Kids and Divorce

Let’s face it divorce can be tough. It’s an unknown territory that will twist and test you in ways you’d never predict. And while it is difficult for us as adults to navigate, imagine what it can be like for our children. The two most important people in a child’s life are breaking up, their world is changing and they have zero control over it. Children have limited experience with relationships; and to put it simply, they have young emotional frameworks that don’t help them navigate divorce.

In saying all of this, let’s imagine a scenario where we role model this change in life as “normal”. And while we may struggle with the idea that divorce is “normal”, we cannot argue the fact that divorce is common. Is it ideal? No. Is it a happy experience? No. But like anything in life, it is what we make it. And while the divorce rate in Alberta hovers around 45%. We need to see this for what it is. Nearly half of Albertans are divorcing. Nearly half! So when will there come a time when we embrace divorce for what it is and help ourselves and our children navigate this common thing that is happening around us?

No matter how difficult it is to let go of a partner, an inner strength needs to surface for the sake of the children involved. And this purpose will help heal you as well. So stepping up is a win win. Kids of divorce suddenly have two houses, two Christmases, two opinions, and two parents who no longer share a home… why does this need to be littered with stress and sadness? Sure, they will have questions, and fear, but if their parents can separate from a place of calm and authenticity … they deserve kudos. Putting their children ahead of every decision allows kids to experience divorce from a place of “it will be okay” as opposed to navigating white water rapids without a paddle.

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What would it look like if we could divorce without conflict? Our kids would know no different … this two home situation would just be the way it is. If we are able to separate and divorce without conflict the children would no longer be bombarded with the internal self-talk that has them believing that they are responsible for the family break up. They would no longer be introduced to this heavy burden, never mind carry into their adulthood.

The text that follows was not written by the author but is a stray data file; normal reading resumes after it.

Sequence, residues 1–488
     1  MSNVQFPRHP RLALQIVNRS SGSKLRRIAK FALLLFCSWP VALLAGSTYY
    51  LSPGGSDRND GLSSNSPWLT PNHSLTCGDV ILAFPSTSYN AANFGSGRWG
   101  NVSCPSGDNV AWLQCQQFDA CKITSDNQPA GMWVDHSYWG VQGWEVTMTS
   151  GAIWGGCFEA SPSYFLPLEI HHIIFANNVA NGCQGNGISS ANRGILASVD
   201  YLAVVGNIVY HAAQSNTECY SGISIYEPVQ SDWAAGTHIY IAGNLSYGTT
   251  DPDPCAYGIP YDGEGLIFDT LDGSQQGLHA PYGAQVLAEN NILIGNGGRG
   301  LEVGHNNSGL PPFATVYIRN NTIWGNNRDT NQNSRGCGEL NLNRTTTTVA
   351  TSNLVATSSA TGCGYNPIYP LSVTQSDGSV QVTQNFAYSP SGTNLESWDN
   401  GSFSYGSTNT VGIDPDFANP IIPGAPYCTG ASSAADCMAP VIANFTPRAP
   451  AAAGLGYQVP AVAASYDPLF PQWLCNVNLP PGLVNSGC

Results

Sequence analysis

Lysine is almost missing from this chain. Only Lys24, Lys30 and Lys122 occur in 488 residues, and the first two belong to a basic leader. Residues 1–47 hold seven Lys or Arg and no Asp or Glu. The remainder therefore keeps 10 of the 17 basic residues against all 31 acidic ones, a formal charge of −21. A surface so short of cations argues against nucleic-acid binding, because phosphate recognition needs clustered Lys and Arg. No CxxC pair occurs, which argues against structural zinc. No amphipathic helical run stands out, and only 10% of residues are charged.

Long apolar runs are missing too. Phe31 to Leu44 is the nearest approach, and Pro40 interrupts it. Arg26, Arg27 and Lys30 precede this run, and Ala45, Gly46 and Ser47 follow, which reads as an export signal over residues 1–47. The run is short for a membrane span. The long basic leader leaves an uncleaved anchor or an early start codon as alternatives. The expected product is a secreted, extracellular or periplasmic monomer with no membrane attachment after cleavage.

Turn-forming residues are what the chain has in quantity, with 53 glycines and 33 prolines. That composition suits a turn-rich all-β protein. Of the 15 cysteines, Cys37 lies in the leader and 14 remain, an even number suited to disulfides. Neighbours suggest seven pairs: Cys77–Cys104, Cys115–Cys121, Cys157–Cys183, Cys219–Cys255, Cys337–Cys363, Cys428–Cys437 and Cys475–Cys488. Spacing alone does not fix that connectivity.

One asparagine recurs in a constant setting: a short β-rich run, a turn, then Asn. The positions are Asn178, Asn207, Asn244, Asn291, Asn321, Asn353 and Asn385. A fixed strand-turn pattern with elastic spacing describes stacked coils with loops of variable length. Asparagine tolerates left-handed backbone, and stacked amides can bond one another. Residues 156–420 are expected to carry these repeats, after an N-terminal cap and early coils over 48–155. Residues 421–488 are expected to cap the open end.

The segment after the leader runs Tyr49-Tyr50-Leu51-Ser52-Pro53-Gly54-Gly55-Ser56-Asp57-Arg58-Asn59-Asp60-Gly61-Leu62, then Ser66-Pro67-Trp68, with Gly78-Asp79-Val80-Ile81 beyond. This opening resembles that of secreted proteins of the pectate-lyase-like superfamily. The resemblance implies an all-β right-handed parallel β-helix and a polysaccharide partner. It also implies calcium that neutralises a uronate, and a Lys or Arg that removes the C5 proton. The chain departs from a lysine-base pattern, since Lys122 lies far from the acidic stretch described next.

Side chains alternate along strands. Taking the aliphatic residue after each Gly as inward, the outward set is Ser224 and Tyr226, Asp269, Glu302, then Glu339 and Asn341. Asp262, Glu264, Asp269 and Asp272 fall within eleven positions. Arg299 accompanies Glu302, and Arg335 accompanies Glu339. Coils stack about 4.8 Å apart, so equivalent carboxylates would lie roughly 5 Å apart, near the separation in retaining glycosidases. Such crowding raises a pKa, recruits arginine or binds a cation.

Divorce without conflict requires courage and an on-going supply of strength, compassion and deep breathes. More specifically, here are a few ways in which you can reduce conflict in divorce:

  • refrain from saying anything negative about your ex in front of or in ear shot of your children. Your children share your ex’s DNA and therefore whatever you are saying about their other parent you are essentially saying about them. Sit in your car, hire a therapist, take a friend out for a drink and get it out … but first and foremost protect your kids from hearing it.
  • tell your family and peers that they also need to not talk about your divorce. Kids hear conversations when you least expect it and therefore those are the conversations they shouldn’t hear! A simple email to your family and friends requesting they refrain from talking about your personal situation because it only adds fuel to the fire and you are aspiring, as a refurbished family, to reduce the negative impact on your children.
  • recall and share family memories. You can’t erase life and allowing your children to hear and share positive things about the other parent confirms your love for your child. Taboo subjects create tension, eggshells and ultimately an unsafe, unpredictable environment.
  • keep day to day life as “normal” as possible. Kids need consistency and traditions.
  • don’t introduce a new partner until after the kids have had a chance to experience all of the post divorce ‘firsts’. The first Christmas, the first birthday, the first father’s day, the first family holiday, etc. This first year of transition is a space where healing and re-setting needs to occur and if a new partner is introduced too soon and before the kids are ready, not only will they not embrace this new person they will resent you.
  • accept the fact that there will likely be conflict between the two of you. Just ensure that your kids don’t see, hear or feel it from either of you.

The way that you handle this thing called divorce will directly affect your future relationship with your children. It’s that simple. The moments are emotionally driven and negative impacts can be long lasting. Children know and trust in what we role model. What they see and experience is their reality. This is a moment where we can choose to be courageous. Where we pull up our socks and take the right road by putting our children first. This will ensure that kids and divorce have family memories they can call on, not life long scars that haunt their future relationships.

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